Justin Rogers and Bob Wojnowski discuss the Lions' latest loss and whether there's any way to justify Bob Quinn and Matt Patricia stay. The Detroit News
Allen Park — Here are four observations after having a night to ponder the Detroit Lions' 20-7 loss to the Minnesota Vikings.
After a sixth straight defeat, few fans care about the remainder of the season. The focus is already 20/20 on 2020. And while it remains unclear whether Bob Quinn or Matt Patricia will remain in their roles beyond the season finale against Green Bay, whoever is calling the shots is in line to land an impact prospect come April.
With the loss to Minnesota, and Atlanta's victory over Carolina, the Lions moved up a spot, to No. 5 in the draft order. And there's a realistic possibility to get as high as No. 2, assuming they can't muster another win the final three weeks.
Here's a refresher on the situation. At 3-9-1, the Lions are a half-game better than both Washington and Miami and 1.5 games up on the New York Giants. The lowly Bengals are bringing up the rear at 1-12, and with an angry Patriots team on deck, the Lions have a near-zero chance to catching them for the top spot in the order.
The other three, though, they're within reach. That's largely because they have matchups with each other. New York plays Washington and Miami the next two weeks. Miami also has a game remaining against Cincinnati. That means at least one, probably two of those teams are going to pass Detroit if the Lions lose out.
Here's how the Lions could get to No. 2. First, New York beats both Washington and Miami. Then Miami gets past Cincinnati. That leaves Washington needing to beat Philadelphia, at home, next week.
The alternative is Washington beats New York, and the Giants win one of their two remaining games against Philadelphia, starting with a road trip this Monday night.
Prior to kickoff, the Lions announced cornerback Rashaan Melvin was active after missing two games with a rib injury. The immediate question the return raised was what it meant for rookie Amani Oruwariye, who had started those two games in Melvin's stead and performed well.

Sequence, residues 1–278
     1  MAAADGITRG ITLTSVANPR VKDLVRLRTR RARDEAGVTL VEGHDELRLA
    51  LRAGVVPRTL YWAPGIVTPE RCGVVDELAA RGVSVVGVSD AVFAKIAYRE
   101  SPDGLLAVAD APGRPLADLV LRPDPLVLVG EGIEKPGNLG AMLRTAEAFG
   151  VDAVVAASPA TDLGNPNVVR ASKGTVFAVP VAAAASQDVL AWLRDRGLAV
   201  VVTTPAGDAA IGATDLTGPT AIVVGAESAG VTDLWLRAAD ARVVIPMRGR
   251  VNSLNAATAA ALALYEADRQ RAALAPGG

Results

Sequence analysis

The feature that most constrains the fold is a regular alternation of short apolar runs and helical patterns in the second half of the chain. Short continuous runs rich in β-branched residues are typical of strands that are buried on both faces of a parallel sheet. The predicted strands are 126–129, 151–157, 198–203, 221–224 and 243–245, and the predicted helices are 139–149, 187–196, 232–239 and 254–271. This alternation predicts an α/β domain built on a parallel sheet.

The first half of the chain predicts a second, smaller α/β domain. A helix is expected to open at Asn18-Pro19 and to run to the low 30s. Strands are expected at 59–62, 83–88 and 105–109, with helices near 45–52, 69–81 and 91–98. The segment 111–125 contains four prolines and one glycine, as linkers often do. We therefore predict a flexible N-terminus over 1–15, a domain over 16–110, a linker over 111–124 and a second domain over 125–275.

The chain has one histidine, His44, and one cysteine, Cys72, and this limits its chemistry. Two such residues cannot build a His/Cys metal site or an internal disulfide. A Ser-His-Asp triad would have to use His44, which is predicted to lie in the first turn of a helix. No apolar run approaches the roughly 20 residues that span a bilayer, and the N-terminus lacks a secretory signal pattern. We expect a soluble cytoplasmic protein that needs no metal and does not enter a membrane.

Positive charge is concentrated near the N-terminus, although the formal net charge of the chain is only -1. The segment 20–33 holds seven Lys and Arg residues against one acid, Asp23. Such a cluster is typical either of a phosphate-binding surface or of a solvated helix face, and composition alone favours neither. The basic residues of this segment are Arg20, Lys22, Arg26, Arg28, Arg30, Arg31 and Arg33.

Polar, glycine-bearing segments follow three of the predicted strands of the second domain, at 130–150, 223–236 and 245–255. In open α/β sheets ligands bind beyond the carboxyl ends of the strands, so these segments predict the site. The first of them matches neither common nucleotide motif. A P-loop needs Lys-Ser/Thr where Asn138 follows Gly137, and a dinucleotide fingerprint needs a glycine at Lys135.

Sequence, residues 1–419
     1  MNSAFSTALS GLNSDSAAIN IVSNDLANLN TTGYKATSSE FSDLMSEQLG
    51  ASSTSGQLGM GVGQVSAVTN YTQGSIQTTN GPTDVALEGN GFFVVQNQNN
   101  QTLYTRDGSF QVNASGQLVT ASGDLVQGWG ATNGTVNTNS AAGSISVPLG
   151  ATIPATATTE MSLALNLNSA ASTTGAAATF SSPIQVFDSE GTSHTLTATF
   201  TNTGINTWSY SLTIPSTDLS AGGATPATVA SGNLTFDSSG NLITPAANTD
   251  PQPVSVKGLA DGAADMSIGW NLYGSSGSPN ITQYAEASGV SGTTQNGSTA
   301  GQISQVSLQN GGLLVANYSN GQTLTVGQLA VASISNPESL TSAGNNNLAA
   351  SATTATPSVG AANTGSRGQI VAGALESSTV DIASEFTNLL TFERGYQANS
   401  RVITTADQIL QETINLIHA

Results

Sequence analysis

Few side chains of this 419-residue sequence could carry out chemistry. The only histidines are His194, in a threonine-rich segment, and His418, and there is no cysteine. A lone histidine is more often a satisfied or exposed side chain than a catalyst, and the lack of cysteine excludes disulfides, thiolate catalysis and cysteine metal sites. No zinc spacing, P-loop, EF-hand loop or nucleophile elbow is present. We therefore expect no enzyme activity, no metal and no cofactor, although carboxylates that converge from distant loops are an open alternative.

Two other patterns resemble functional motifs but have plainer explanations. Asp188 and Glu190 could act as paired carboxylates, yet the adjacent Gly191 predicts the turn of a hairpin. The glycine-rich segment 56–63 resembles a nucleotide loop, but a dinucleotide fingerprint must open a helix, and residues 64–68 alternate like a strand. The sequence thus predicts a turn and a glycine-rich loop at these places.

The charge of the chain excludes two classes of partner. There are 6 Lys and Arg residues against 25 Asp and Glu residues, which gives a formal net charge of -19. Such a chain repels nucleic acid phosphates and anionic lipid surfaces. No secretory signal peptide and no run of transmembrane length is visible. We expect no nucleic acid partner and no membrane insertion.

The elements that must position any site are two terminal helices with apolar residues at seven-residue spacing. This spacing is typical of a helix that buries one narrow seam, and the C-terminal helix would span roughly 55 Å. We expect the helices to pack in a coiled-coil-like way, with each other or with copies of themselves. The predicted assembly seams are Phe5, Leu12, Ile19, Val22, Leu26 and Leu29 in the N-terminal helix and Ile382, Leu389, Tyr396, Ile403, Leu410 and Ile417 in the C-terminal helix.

Given Melvin was questionable heading into the game, and limited throughout the week of practice, a rotation seemed the most likely solution. Instead, not only did Oruwariye get the start, Melvin didn't play a single snap. And he had to be healthy enough to play, otherwise the Lions wouldn't have scratched cornerback Mike Jackson from the lineup.
The decision to start Oruwariye and give him a heavy workload was the right one. With the season already down the tubes, now is the time for evaluation and development of young talent.
Oruwariye didn't have a perfect game, giving up an early touchdown on a crossing pattern, but he has a legitimate opportunity to contribute in 2020, as opposed to Melvin, who is playing on a one-year deal.
The night game on Sunday saw the Los Angles Rams take on the Seattle Seahawks. And while Seattle came up short, the game served as a harsh reminder of what the Lions gave up this season when they traded veteran safety Quandre Diggs for a fifth-round pick.
Diggs intercepted not one, but two passes for the Seahawks, returning the first back for the second touchdown of his career.
After struggling at the start of the season for the Lions, Diggs has been a playmaking machine post-trade. With the hamstring injury he suffered earlier this year healed up, he's generated four turnovers in four games for his new team. The Lions entire defense has forced as many during the same stretch.
The Lions lost faith in Diggs, not because he spoke his mind as he's hinted, but because they thought his play was slipping and he was limited schematically. And there's no question about it, he was off to a slow start this season, particularly with missing tackles.
There are a few ways to look at his drastic turnaround. First, maybe Seattle is a better schematic fit. And maybe a change of scenery was needed. But, while I won't dismiss those other factors, if I had to bet on the intangible that was playing the biggest role, it's that Diggs is motivated by disrespect. He always has been. After being selected No. 200 in his draft, he had impressive recall about what the defensive backs taken before him had accomplished.
Diggs always has had a chip on his shoulder. In Seattle, he's weaponized it. And with every big play he makes, he's making Detroit's decision-makers look worse and worse, because they no longer could figure out how to motivate him, or how to put him in positions to produce, and that led to them selling low on a young, dynamic player.
It's disingenuous to call it a bright spot, because the moment came in garbage time, with the Lions trailing by 20, but Kenny Golladay did manage to catch his league-leading 10th touchdown of the season.
It's been a monster year for the third-year receiver, who also crossed the 1,000-yard mark in the loss. Not bad for a guy trending toward a monster second contract.
Speaking of that contract, Golladay's rookie deal expires after next season, but he recently said he'd be open to signing an extension with Detroit this offseason. Fans might want to brace for the sticker shock that will come with that price tag.
Look at the top receiving contracts from recent years. Brandin Cooks and Adam Thielen both signed long-term deals that averaged $16.2 million per season. This offseason, Tyreek Hill got $18 million per over three years, while Michael Thomas scored $19.25 million per over five years. And Julio Jones topped them all with an extension that averages $22 million per season.
Golladay won't reset the market, but odds are he'll command a top-10 deal for a receiver. That conversation starts in that Cooks and Theilen range.